Program aims to combat racism

The Social Planning Council for the North Okanagan has received $50,000 from the B.C. government to help eliminate racism

The Social Planning Council for the North Okanagan has received $50,000 from the B.C. government to help eliminate racism in Penticton and four other Thompson-Okanagan communities.

The Social Planning Council is the host agency for the Thompson Okanagan Respect Network, and partners with local agencies like  South Okanagan Immigrant Community Services, which is hosting and promoting an anti-racism event titled Respect Lives Here.

“We’ve been involved for quite a few years,” said Angelika Eneas, Community Connections Coordinator for SOICS, noting this will be the fourth year for the event. “We got involved because we are the organization in the community that deals with the immigrant population.”

Eneas said their office hears constant concerns about racism and discrimination happening in the community.

“It happens a lot. More than maybe we would like to talk about,” she said.

Racism can take many forms, she said, from overt to subtle. Eneas said SOICS is currently helping a man who is experiencing racist comments and jokes in the workplace because of his religion.

“They are constantly making comments about him being a terrorist,” said Eneas. “It’s jokes, so a person doesn’t know how to take them. It is indirect racism and it happens a lot.”

Incidents like that is why it is important to keep having this discussion, according to Eneas.

“A rich multicultural society helps nurture inclusiveness, understanding, mutual respect and a sense of community,” Penticton MLA Dan Ashton said. “Racism comes in many forms and so do the ways to combat it, and that’s where anti-racism funding can help.”

At present, Eneas said they don’t have firm plans for the Respect Lives Here event. The first step is to get a steering committee together, to direct how the funding will be used and what we are going to put on.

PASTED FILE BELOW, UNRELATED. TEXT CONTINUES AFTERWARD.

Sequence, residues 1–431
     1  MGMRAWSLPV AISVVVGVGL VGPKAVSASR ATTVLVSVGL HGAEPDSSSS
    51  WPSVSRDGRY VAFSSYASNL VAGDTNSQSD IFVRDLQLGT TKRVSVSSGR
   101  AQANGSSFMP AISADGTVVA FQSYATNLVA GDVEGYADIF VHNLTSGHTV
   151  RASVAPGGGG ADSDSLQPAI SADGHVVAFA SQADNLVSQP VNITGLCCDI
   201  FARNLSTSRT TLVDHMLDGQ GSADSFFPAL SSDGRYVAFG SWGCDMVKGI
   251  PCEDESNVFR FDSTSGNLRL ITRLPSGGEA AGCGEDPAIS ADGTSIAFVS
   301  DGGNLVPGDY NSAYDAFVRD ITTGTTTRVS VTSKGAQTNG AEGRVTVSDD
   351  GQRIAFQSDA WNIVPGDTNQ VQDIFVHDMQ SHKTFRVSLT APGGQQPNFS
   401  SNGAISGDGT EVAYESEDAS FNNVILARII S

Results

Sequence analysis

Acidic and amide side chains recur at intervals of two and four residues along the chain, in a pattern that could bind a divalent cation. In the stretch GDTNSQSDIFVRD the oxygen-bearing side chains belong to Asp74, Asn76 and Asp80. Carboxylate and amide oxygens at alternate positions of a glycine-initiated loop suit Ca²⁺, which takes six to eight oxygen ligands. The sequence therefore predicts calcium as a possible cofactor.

“It has to be done before March 21, the International Day for the Elimination of Racism. That’s our deadline,” she said. For the March 2015 event, they created a one-act play to explore the different ways racism can be expressed.

A play will be part of the overall picture for next year’s event, though this time it will be a travelling play, visiting and tying together all the communities that are part of the Respect Network.

“The Thompson Okanagan Respect Network is extremely excited to be receiving this funding because it means we can continue to host Respect Lives Here events in local communities,” said Annette Sharkey, executive director of the Social Planning Council for the North Okanagan. “The projects are designed to engage the community, educate stakeholders and celebrate our diversity. It’s wonderful to see so many community members become involved in Respect Lives Here events.”

Respect Lives Here events will also be held in Kamloops, Vernon, Kelowna and Salmon Arm, where other local groups have partnered with the Respect Network.

For now, Eneas said she needs volunteers to join the steering committee and help brainstorm what form this year’s event should take.

Find out more at respectnetwork.ca.

 

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